Defendants often ask me, “How much time will I serve?” The answer depends on various factors, including whether you are charged with a federal or Texas case, have an extensive criminal history, and in which county your case is filed.
Federal or Texas?
Congress abolished parole in federal cases. Most federal criminals will serve 85% of their sentence. For Texas cases, the answer varies depending on the crime and the Texas Board of Pardons and Paroles’ decision.
For capital murder, Texas prosecutors can seek a sentence of life without parole. A capital murder defendant sentenced to life in prison before September 1, 2005, is eligible for parole after serving forty years. A release is not automatic. The Texas Board of Pardons and Paroles must vote to release the prisoner.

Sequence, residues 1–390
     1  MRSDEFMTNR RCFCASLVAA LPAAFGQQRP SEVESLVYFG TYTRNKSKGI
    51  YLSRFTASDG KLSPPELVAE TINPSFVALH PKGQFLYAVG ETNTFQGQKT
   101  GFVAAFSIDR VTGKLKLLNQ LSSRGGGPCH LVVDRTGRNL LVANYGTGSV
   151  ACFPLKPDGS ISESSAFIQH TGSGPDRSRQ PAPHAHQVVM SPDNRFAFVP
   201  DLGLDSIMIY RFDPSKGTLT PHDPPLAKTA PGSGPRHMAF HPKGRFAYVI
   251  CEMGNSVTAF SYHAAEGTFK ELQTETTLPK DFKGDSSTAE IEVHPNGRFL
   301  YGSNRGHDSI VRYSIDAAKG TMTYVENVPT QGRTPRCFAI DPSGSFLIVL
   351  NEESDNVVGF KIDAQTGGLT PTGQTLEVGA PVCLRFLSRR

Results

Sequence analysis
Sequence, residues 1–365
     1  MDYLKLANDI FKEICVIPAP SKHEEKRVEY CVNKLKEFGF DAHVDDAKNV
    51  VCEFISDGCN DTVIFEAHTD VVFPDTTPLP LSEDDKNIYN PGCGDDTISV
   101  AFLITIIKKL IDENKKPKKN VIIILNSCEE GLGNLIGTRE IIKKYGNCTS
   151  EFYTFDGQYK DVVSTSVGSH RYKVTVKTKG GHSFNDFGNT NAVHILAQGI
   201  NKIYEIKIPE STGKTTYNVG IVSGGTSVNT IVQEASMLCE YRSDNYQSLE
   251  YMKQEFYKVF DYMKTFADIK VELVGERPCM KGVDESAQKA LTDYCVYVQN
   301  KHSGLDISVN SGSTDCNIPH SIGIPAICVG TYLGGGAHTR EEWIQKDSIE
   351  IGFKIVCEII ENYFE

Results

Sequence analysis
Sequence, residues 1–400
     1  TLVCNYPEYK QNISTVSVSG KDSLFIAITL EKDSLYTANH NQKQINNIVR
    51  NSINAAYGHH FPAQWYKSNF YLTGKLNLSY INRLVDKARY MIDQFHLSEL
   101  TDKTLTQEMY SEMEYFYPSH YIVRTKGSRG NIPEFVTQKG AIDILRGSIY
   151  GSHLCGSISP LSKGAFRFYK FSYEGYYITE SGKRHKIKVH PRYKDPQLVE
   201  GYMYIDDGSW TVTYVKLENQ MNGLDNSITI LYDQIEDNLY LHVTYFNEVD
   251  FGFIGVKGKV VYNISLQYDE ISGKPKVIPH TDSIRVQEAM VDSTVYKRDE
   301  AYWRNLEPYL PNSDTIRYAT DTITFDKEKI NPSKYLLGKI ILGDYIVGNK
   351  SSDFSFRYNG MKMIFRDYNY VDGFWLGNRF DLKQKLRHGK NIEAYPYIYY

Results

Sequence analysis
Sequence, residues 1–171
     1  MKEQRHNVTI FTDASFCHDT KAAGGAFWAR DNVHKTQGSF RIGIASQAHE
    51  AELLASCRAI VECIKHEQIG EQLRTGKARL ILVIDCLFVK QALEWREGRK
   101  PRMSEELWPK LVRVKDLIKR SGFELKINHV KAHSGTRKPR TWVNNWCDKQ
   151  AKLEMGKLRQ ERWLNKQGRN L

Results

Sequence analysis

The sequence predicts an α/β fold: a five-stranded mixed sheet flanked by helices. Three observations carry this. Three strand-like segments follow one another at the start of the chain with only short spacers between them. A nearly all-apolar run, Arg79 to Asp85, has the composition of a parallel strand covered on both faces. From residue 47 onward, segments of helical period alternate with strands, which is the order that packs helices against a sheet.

For the next group of offenses that the Texas Legislature designated as serious offenses, the defendant must generally serve half of their sentence to be eligible for parole. These offenses include murder, aggravated kidnapping, aggravated sexual assault, and aggravated robbery. Once again, eligibility does not mean automatically being released from prison. Most prisoners are not released when they become parole eligible.
First, Second, and Third-Degree Felonies
For other first, second, and third-degree felonies, the prisoner is parole eligible when actual time incarcerated plus good conduct credit equals one-fourth of the sentence. Prisoners earn good conduct time by participating in work and self-improvement programs. Disciplinary violations subtract good-time credit.
State Jail Felonies and Misdemeanors
For state jail felons, parole eligibility does not apply. Most state jail felons serve every day of their sentence.
The time you will serve for misdemeanors in Texas varies by county. In Comal County, misdemeanor defendants usually get three days’ credit for every day served. In other counties, a defendant may serve every day of the sentence.
Contact me for a free case review if you are charged with a crime in Comal County or other Central Texas counties such as Hays County, Guadalupe County, Travis County, or Bexar County.